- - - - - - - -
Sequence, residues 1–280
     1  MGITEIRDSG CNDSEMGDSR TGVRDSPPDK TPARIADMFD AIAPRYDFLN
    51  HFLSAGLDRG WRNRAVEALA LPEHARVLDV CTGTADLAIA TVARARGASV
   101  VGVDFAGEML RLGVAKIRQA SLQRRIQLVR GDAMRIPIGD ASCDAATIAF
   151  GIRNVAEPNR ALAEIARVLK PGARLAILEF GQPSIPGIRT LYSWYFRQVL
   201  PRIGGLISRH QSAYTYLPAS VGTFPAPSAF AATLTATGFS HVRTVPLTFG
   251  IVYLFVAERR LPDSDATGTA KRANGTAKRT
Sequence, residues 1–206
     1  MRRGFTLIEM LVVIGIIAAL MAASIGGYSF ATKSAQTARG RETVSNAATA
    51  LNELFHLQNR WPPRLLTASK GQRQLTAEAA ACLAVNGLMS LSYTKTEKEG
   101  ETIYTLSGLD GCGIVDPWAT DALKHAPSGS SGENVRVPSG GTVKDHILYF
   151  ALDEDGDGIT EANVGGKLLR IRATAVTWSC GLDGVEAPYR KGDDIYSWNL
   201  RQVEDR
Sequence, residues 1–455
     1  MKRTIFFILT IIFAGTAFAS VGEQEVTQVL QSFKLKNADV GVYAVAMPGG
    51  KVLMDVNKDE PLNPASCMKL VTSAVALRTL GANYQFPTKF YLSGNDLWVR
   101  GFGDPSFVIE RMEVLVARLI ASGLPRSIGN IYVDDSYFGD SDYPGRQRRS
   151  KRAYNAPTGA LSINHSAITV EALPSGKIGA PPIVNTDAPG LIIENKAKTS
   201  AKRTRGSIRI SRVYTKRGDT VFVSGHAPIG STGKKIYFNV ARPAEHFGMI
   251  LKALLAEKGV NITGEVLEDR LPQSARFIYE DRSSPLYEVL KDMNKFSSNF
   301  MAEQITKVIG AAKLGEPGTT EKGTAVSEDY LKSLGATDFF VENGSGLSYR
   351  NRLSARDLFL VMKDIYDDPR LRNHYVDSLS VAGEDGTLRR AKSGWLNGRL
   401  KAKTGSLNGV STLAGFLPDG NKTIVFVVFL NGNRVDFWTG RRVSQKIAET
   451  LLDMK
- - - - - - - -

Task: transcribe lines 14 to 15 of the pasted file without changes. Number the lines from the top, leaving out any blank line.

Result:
Sequence, residues 1–455
     1  MKRTIFFILT IIFAGTAFAS VGEQEVTQVL QSFKLKNADV GVYAVAMPGG